Today, although Saturday, I was able to meet up with some of the OB/GYN department. I was invited to participate on a healthcare forum discussing family planning with secondary school children at a boarding school called Kagarama. VERY IMPORTANT. The rate of unintended pregnancies is very high in Rwanda and family planning is probably one of the most important things an OB/GYN will do, that is even more true in a low resource setting like Rwanda. This program is the result of a collaboration with the University of Michigan, and for those not in the medical field, or even if you are and just aren’t familiar- family planning is a sub facet of obstetrics and gynecology dealing primarily with birth control, termination of pregnancies, etc. Its about providing the special and important art of helping women have children only when they are ready. Secondary schools are a great place to begin educating. Besides the fact that the team waited 1.5 hours for me to find my way to Kagarama (my taxi driver got lost!!!) I was integrated completely into the panel which was awesome.

Ok- a lot of introductions but first and foremost I met Diomede and Magnifique. Two people I have had email correspondence with over the past few weeks but haven’t officially met. They’re phenomenal! Magnifique is a second year OB/GYN resident at CHUK and I guess in charge of rotating providers. I asked him what that means and how he got the task and he said his job is to “make sure you are happy and safe.” Sounds exhausting. But apparently it was a highly sought after and competitive position. But whenever he says something I don’t agree with, I tell him I don’t feel happy or safe. He’s sensational. After getting out my 2 hour taxi ride he gave me the biggest hug and welcomed me to Rwanda. He seems so genuine and is always smiling. I’m a fan. Next is Diomede. He’s the chair of the OB/GYN department and comparably as awesome. He explained everything that was happening and translated since they were alternating between Swahili, French, English , and Kinyarwanda. My head was spinning. But he sat next to me on the panel and translated all the good stuff. One of the Gyn Onc attendings who works here but trained at yale even reached out and sent me an email welcoming me and offering to come to the house. We took a selfie and sent it to her! The department so far seems amazing, they don’t have an MFM but if they keep this up they might get one in the next few years 😉. Magnifique and I were talking about goals and I spoke about MFM and the upcoming match and he explained that he’s choosing between urogyn and family planning. He also very much wants to do a rotation in the US. I have to look into this for him when I get back– I feel like it’s only fair, I came for a month, why can’t he?! I’m sure it’s more difficult than that but here’s to wishful thinking. He explained that he’s applied for a visa several times but is declined each time. Ugh so frustrating. He’s got big dreams though and wants to go to Stanford or The Brigham for fellowship. I hope he makes it! Apparently there are not many sub specialists here and he wants to get advanced training to return to his country. Thus gyn onc ( a provider who focuses on gynecological cancers) is a rare gem. I’m happy she is providing care here.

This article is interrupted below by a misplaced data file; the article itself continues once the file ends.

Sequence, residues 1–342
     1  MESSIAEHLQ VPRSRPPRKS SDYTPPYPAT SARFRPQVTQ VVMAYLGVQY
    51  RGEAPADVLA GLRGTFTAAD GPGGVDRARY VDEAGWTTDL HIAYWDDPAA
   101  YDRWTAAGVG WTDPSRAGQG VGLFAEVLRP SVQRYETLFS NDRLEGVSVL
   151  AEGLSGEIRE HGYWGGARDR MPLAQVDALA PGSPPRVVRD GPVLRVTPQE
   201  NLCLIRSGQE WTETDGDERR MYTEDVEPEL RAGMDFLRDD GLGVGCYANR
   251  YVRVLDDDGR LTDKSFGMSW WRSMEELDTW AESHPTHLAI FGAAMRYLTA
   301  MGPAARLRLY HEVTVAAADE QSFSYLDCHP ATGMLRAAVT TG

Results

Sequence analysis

Next I met the other panel members- Sandrina, Doreen, Jared, and Gilbert. They’re a group of various health care professionals. A nurse, midwifery student, and medical student. Jared started off the panel and got these 10-18 year olds really fired up about the talk– I was so impressed. They were first timid and quiet and then after only a few minutes, they were chanting, singing, and dancing! I took videos that ill post separately on FB, but it was so wonderful to watch. Then we each had to introduce ourselves- Diomede gave my introduction. I was sure I’d get boos, these kids were a tough crowd! When he introduced me as a doctor from the U.S, I was obviously surprised to hear “oooohs” and “ahhhhhs”. I stood and waved. Next each panel member went up and spoke to the students, telling them anecdotes, reminding them of what they have to lose, and most of all educating them on safe sex. A good number of the kids raised their hands and said they want to be doctors too!

They invited me to lunch but my driver- Aimable, was already here and waiting! I went home to take a 4 hr nap instead, I’m still so tired!!!!

On the way home, I saw a corner store selling drinks. So once I got settled I asked Jean (French speaking security guard) to walk with me. So I still haven’t changed my currency but my money should be good everywhere! Well not here, the store owner was nice enough to give me the beer with only my word that I would bring back RWF (rawandan money). This place is special. I gotta get money exchanged ASAP. I haven’t tried the beer yet but it’s a 40 of mutzig, highly recommended by Jean. I will let you all know how it is.